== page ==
Picture of a smiling young woman.

Solyana Mesfin

I’m Solyana Mesfin, a senior at Eastern High School (Jefferson County), and I currently serve as the nonvoting student ex officio member on the Kentucky Board of Education (KBE). As my time comes to an end, I encourage students in the 4th Congressional District to apply for this position!

Serving as the first student representative on the KBE was a monumental moment in Kentucky history. Students across the state advocated for this position for years. After countless student campaigns and persistent input from allies across the state, Gov. Andy Beshear established the first active nonvoting student seat on the KBE in September 2020. I was sworn into the board in October 2020.

That’s cool and all, but what is the KBE? That’s a great question, and one I wish I fully understood at the time of applying.

The KBE is a diverse group of individuals across the state who develop and oversee regulations that govern each of Kentucky’s 171 public school districts. Basically, the KBE makes decisions to help school districts operate successfully.

What makes this board so unique – and arguably the best board in the nation – is the people that grace the seats. There are 11 voting members, seven representing the Supreme Court districts and four representing the state at large. The additional four members – the president of the Council on Postsecondary Education, the secretary of the Education and Labor Cabinet, a high school student and an active school teacher – all serve as non-voting members.

Throughout my time, I have come to learn about each of the members individually. From admiring Jamie Bowling’s fashion taste to being mentored by Patrice McCrary, each of these board members has impacted me in their own way. The level of wisdom and knowledge these people have surrounding public education is unparalleled. It can only be topped by their willingness to center students in every conversation. There is no doubt that every single one of them will live up to their roles, and so will the next student.

Honestly, this position can be nerve wracking. I mean – representing 650,000 students? That’s a lot to represent. Being the first student to take on this role, I constantly doubted my abilities. Saying things like, “Why me?” or “There’s no way I can do justice to this role.”

Over time I realized my responsibility wasn’t to just represent each student and contribute at meetings. It’s speaking up when witnessing educational inequities, taking the time to understand individual student hardships, meeting with student and adult leaders across the state, and most importantly, engaging students along the journey.

I found the power to help influence local boards of education and school-based decision-making councils to establish student seats. This position is more than one’s personal interests, it’s about self-education and acknowledgement of representing such a diverse student body. This all may sound scary, but you have such support from the board, Kentucky Department of Education staff, education organizations and me of course.

Student voice is vital. A lot of education stakeholders assume they know about the experiences of students because they were once students. More times than not, they make the wrong assumption about today’s students. When our concerns and hardships are being heard, it’s more likely that our ideas will be implemented. Boards and councils need people who say, “Have you thought about this?” or “I don’t believe that’ll be beneficial to students.” They need to understand the experience of a student who is currently affected by the policies they develop.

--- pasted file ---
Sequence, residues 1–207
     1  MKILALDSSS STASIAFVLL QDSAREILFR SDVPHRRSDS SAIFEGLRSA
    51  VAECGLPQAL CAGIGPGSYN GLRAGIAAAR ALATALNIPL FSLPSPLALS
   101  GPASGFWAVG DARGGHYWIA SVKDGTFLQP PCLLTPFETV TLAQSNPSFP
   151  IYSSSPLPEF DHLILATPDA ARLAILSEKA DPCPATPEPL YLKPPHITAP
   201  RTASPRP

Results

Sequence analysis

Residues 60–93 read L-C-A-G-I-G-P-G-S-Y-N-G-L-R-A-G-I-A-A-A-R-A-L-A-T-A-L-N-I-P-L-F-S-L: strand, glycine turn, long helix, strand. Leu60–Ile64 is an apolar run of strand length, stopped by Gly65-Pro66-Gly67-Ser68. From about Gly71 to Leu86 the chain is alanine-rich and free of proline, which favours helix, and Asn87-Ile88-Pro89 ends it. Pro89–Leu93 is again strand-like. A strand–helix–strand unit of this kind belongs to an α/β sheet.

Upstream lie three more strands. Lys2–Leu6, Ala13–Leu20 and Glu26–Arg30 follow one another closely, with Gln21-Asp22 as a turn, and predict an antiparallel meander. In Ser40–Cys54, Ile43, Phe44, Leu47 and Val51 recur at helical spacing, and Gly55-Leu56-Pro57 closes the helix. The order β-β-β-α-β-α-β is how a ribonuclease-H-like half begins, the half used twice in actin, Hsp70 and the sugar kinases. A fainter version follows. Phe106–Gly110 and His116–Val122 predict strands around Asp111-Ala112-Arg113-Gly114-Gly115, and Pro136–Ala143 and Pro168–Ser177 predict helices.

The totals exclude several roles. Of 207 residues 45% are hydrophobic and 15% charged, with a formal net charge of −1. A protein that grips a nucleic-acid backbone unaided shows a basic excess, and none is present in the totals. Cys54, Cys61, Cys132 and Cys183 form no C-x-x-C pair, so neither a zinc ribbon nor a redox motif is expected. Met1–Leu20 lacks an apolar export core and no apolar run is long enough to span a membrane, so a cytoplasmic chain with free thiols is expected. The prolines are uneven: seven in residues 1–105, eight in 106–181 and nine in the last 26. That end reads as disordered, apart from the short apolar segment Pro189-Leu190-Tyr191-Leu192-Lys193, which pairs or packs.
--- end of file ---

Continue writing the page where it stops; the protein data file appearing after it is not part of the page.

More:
If you wish to represent students across the Commonwealth, engage with statewide leaders and develop leadership skills, then please consider applying.

Selection for the new student KBE member will not depend on your GPA, test scores or standardized proficiency. We want to gauge your passion for education and collaborating with other like-minded students. Each and every student voice is equal. So please don’t be like me and apply at the last minute.

Here is the simple process of completing the application:

  1. Find out if you are eligible. To be selected as the student member, the applicant must be enrolled in a Kentucky public high school, be a junior in good standing on July 1 – which means a sophomore at the time of application – and must reside in Kentucky’s 4th Congressional District.
  2. Apply via Google Form. Required materials for your application include: applicant information, one- to two-page resume, 500- to 750-word narrative statement explaining why the applicant wants to serve as a non-voting student member of the board, two letters of recommendation from a teacher, school administrator, employer, coach or volunteer supervisor explaining why the applicant should be appointed to the board and parent statement of support. Applications are due March 7 at 5 p.m. ET.

More information about the role and applying for the position can be found on the KDE website.

My time on the board has truly been one of the highlights of my high school career. It has molded my understanding of education and convinced me to pursue education in the future. I’m thankful state statutes have secured this spot for upcoming members. We need voices like yours in our education system.

For more information about the student member position on the KBE, email KDE Director of Education Policy Meredith Brewer. If you have questions about the application, email Audrie Lamb, KDE Communications Intern.​ I am available for meetings, questions or any other concerns regarding this position or student voice in general. I look forward to welcoming the next student member to a seat at the table.